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News > Bolivia

Argentina's Congress to Discuss Texts Rejecting Coup in Bolivia

  • Bolivian soldiers patrol the streets of La Paz, Bolivia, Nov. 12, 2019.

    Bolivian soldiers patrol the streets of La Paz, Bolivia, Nov. 12, 2019. | Photo: Reuters

Published 13 November 2019

Lawmakers want President Macri to break his silence and demand the restitution of democracy in Bolivia.

Argentina's Chamber of Deputies and Senate on Wednesday will hold sessions in which lawmakers will urge President Mauricio Macri to reject the coup against Evo Morales, demand the restitution of the constitutional order, condemn human rights violations and provide asylum to deposed officials.


Massive Mobilization in Buenos Aires Against Coup in Bolivia

“As Argentinians who have a deep tradition of peace and respect for the people's will, we urge the executive power to speak out against the civic-military coup which has interrupted the democratic and constitutional order,” says the draft text that will be discussed.

On Tuesday, lawmakers from Victory Front (FPV), Renovator Front (FR), Network for Argentina, Evita Movement, We Are (Somos), Left and Workers Front (FIT), and Republican Proposal (PRO) presented five draft texts related to the political situation in Bolivia.

Among these are pronouncements to halt the coup and the interference of the army, appeal to the restoration of democracy, and reject systematic human rights violations.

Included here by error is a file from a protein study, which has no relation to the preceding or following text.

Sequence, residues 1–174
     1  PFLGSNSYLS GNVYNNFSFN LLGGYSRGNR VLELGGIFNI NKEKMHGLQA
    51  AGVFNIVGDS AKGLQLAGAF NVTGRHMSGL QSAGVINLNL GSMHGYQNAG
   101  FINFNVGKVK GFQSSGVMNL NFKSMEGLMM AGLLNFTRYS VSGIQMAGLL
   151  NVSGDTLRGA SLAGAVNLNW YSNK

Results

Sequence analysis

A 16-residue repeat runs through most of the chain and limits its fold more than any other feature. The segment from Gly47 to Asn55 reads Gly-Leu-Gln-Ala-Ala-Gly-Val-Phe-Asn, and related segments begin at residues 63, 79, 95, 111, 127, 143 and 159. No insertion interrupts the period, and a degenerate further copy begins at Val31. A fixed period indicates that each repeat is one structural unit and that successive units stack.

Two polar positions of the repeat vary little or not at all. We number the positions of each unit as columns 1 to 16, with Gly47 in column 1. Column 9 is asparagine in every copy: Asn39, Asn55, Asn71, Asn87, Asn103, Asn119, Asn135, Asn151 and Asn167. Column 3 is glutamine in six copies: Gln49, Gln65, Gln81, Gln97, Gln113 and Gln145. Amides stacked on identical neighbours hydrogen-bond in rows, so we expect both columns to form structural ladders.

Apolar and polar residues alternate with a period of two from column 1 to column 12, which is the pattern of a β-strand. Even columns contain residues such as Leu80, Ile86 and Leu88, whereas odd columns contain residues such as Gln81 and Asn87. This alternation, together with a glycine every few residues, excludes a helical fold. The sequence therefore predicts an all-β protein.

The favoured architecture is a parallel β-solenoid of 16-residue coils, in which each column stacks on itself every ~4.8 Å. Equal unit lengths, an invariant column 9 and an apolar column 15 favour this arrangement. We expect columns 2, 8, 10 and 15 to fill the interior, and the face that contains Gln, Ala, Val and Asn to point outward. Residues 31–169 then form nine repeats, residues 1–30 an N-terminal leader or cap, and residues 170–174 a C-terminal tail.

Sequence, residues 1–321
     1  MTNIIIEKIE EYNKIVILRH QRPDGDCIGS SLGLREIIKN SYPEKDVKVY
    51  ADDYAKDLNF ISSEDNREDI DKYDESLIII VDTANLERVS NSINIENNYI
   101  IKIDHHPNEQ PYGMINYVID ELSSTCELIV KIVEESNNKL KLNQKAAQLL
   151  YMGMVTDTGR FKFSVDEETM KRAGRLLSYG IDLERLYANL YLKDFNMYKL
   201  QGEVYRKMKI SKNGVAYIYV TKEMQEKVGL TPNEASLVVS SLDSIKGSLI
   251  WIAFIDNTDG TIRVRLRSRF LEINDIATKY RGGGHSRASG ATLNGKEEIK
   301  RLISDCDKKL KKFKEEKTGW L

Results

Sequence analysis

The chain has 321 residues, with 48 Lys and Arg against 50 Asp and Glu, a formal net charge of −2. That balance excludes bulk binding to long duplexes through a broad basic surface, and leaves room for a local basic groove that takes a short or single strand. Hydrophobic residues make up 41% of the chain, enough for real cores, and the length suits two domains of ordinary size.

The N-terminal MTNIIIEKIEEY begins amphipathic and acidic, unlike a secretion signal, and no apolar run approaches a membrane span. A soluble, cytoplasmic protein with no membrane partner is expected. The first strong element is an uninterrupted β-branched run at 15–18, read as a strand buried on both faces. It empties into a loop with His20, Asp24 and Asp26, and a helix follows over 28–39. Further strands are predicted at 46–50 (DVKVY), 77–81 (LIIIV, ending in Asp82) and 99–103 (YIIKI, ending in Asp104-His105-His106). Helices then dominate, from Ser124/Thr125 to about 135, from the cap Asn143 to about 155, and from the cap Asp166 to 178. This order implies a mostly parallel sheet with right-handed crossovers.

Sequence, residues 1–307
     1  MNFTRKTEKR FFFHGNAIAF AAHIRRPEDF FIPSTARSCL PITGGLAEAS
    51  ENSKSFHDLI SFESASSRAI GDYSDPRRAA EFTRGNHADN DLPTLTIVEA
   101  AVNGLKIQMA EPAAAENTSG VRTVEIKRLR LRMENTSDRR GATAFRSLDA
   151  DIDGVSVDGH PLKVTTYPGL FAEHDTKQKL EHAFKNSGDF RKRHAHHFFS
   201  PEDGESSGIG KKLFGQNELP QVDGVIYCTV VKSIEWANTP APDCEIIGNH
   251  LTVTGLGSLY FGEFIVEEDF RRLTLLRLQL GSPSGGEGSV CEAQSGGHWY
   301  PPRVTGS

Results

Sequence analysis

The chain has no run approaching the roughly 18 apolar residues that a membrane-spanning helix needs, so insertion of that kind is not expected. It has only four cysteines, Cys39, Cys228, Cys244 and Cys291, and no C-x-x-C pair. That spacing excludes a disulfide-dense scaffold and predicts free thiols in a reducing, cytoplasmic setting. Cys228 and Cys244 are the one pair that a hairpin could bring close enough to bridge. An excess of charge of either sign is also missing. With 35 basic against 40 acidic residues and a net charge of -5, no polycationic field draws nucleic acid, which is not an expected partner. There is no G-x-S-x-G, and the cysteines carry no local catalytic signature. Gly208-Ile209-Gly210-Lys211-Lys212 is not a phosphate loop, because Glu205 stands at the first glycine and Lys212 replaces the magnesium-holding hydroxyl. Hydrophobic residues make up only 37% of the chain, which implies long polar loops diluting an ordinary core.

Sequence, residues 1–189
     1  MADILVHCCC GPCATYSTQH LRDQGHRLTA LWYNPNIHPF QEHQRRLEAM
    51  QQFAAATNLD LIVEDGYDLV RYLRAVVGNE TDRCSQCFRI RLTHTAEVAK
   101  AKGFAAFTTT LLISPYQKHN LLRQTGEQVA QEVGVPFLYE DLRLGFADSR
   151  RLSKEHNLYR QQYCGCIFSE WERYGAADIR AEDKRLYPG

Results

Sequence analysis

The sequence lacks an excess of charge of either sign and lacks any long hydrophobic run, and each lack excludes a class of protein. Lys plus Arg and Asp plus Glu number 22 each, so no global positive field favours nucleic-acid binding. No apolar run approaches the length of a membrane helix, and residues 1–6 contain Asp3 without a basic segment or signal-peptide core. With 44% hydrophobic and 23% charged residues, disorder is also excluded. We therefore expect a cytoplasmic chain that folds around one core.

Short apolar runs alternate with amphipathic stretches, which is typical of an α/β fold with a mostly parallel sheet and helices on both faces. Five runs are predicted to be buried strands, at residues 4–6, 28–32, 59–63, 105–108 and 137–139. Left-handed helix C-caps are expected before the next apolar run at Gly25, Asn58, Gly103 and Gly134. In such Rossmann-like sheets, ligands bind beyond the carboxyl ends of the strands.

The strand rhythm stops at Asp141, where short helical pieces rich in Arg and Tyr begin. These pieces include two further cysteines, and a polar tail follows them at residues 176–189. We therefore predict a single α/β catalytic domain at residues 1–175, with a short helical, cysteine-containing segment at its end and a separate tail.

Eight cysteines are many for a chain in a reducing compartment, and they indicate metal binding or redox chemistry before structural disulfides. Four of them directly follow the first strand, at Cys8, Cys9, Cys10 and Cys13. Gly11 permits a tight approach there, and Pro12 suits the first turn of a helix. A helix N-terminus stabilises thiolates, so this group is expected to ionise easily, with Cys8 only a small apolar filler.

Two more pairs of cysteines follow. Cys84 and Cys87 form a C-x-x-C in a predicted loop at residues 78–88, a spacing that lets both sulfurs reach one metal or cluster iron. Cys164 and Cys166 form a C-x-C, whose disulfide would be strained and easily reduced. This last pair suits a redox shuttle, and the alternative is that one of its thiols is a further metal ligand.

The calls in both houses of the Parliament were motivated by the silence that the Macri administration has maintained so far with regard to the Bolivian events, which Argentinian lawmakers have described as "intolerable facts which cannot be accepted under any circumstances or with any excuse."

The meme reads, “I dream of Bolivia free from indigenous satanic rites. The city is not for indigenous persons. They should go to either the high-elevation plateau (Altiplano) or the lowland plain (Chaco)!!"

Meanwhile, the right-wing, religious fundamentalist senator Jeanine Añez, who proclaimed herself as Bolivas's interim president and received her command from the army, will face her first serious political challenge.

The deadline given by the Bolivian Workers Central (COB) to restore democracy expires on Wednesday, amidst a presidential succession that cannot be easily consolidated because it was carried out by breaking several legal procedures.​​​​​​​​​​​​​​

For instance, with the intention of legitimizing an act of succession that occurred without the legally required quorum, Añez cited article 170 of the Bolivian Constitution according to which the President can be dismissed from his duties in case of death, resignation, absence or definitive impediment.​​​​​​​

​​​​​​​If this politically-driven interpretation of the constitutional text does not achieve greater support among citizens, however, the COB could initiate an indefinite strike.


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